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Yom Kippur

It is a tree of life to those who hold fast to it, and all its supporters are happy. Its ways are ways of pleasantness and all its paths are peace. -- Proverbs 3:18

Recently in my congregation, while holding fast to the Torah, we didn’t hold fast enough – literally – and it accidentally fell to the floor during a Shabbat service.

Such occurrences are rare, and fortunately the scroll did not sustain any damage. Still, Jewish tradition prohibits a Torah scroll from touching the ground – and it also provides us with a path toward restoring its sacred status when the...

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As a teenager, I would sit on my bedroom floor listening to old records of Belgian singer-songwriter, poet, and performer Jacques Brel. I didn’t need to keep a journal, because his lyrics wove together everything I felt at the time. Brel had a fire within, and his anger, longing, passion, and truth blazed through every word he sang. His music, raw and real, transformed and fed my soul; it informed and shaped who I am today. 

In 1968, Brel’s music was brought to America as a musical revue, Jacques Brel is Alive and Well and Living in Paris, with the songs translated into English....

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The new year is a time associated with revitalization, a chance for new beginnings, the opportunity to create healthier habits and stronger relationships – and for Jews, the new year comes not once but twice a year.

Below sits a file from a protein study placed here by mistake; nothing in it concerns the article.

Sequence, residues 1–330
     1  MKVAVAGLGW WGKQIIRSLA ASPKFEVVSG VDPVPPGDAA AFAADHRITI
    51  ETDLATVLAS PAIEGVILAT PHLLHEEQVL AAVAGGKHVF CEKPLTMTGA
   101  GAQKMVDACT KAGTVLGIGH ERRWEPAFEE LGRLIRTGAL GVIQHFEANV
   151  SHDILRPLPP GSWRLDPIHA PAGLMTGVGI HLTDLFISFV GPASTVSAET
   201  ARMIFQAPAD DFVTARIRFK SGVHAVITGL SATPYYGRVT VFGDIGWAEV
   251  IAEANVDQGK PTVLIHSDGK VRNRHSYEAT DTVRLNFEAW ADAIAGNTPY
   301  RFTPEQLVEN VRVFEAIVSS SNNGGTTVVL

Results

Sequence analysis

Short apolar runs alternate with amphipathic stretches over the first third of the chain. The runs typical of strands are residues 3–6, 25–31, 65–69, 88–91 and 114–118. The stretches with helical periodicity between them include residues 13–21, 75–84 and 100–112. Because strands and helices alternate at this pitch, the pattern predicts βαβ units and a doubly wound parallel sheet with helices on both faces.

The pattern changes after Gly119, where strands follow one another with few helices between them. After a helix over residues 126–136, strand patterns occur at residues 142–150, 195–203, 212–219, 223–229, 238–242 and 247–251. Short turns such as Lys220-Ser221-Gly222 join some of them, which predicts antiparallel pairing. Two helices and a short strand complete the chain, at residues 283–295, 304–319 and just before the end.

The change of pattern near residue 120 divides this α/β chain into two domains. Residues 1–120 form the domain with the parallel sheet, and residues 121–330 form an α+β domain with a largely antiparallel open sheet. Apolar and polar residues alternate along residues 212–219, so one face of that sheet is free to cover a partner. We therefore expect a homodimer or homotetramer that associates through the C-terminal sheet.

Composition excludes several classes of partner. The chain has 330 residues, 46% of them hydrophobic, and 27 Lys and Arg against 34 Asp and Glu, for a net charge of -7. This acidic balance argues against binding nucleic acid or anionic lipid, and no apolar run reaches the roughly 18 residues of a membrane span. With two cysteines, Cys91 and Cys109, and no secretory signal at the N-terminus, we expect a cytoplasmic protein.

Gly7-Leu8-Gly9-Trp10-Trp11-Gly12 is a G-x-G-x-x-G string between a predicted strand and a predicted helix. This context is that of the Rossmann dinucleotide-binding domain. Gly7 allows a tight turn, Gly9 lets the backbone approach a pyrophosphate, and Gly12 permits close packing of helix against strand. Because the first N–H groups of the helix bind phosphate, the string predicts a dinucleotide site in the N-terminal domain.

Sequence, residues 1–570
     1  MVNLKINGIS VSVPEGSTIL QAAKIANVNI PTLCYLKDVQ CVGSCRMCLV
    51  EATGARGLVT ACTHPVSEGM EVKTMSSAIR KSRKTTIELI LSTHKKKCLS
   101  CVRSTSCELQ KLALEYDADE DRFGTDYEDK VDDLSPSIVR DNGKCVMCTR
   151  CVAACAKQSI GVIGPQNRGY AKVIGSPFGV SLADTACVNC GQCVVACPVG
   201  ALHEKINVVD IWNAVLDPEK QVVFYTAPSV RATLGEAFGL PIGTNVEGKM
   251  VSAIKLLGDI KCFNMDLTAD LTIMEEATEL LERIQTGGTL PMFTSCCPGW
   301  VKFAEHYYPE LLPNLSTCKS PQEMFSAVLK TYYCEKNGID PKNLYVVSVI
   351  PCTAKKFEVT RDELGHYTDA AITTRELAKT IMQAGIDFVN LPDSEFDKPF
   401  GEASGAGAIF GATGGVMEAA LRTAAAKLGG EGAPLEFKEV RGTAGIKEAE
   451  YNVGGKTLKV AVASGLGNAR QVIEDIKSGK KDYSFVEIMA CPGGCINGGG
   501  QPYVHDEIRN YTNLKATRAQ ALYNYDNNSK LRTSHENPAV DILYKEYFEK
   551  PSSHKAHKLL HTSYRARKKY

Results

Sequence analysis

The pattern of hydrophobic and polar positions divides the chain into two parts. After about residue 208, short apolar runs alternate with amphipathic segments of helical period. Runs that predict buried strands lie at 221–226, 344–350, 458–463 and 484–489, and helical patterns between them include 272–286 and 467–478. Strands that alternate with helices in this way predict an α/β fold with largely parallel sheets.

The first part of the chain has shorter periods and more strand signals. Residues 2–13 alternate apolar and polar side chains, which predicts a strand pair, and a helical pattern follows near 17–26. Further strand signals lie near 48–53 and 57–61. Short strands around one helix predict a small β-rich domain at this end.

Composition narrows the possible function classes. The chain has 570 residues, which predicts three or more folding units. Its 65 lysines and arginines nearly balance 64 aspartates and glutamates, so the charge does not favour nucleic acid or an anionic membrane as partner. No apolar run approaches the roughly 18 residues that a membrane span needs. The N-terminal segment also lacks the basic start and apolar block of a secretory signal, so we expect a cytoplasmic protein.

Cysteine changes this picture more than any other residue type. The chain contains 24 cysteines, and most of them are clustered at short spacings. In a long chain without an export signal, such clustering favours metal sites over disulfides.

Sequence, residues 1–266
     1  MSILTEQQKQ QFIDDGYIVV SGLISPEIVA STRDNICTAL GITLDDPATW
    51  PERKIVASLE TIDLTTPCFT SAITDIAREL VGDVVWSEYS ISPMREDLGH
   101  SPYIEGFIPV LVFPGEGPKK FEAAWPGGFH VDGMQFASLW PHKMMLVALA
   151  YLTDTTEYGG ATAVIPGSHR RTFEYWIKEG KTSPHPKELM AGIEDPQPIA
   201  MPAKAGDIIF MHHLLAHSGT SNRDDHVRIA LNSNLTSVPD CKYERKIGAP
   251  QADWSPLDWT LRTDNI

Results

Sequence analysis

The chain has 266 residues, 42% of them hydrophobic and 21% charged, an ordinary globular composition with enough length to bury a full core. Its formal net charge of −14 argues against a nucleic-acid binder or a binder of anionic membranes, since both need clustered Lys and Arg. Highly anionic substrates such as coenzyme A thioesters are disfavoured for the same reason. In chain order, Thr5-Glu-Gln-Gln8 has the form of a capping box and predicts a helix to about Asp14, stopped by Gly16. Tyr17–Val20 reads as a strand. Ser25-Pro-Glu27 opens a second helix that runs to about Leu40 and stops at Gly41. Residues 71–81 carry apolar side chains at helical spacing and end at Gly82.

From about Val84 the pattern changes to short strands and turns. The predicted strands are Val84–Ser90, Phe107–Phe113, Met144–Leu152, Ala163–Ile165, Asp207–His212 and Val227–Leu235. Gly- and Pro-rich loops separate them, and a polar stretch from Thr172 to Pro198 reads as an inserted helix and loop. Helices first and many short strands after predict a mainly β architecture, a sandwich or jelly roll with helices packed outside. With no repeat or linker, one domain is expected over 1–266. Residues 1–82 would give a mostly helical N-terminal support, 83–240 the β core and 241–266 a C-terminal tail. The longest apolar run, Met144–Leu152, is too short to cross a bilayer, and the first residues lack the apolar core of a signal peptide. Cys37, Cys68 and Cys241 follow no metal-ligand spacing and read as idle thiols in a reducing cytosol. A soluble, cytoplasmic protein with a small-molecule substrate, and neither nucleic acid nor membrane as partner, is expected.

As summer days draw to a close and fall’s first gusts blow through the air, we celebrate Rosh HaShanah, the Jewish new year, and one week later, Yom Kippur, the Day of Atonement. These holy days, arguably the most important in the Jewish calendar, offer the opportunity to revisit the year that has passed and take stock of the way we have engaged with the world in the...

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In North America, many Jews prepare for Rosh Rosh HaShanah, the Jewish new year, by making to-do lists: acquiring seats for High Holiday services, inviting guests, purchasing a new fruit, and preparing chicken soup just like Bubbe used to make.

Likewise, as the secular new year approaches, many Jews mull over whether and how to mark the day: To stay in or go out? Keep it casual or make it a more formal occasion? (I, for one, welcome any excuse to get dressed up – almost as much as I welcome any excuse to stay in my pajamas!)

Both the religious and the secular new year mark...

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To prepare for the High Holidays this year, I did what any rabbi would do: I went undercover as an Uber driver.

Uber, a ride-sharing app that links passengers with drivers, is changing the way we get from point A to B. Drivers make $2.40 per ride to start, plus 10 cents per mile after that. What better way to leave the comfort of home and get some unique perspective?

Reading the drivers’ forum, I totally empathized with the Uber driver who posted this message:

“It's odd that sitting in an air conditioned car would be so draining, but I'm still in my Uber honeymoon...

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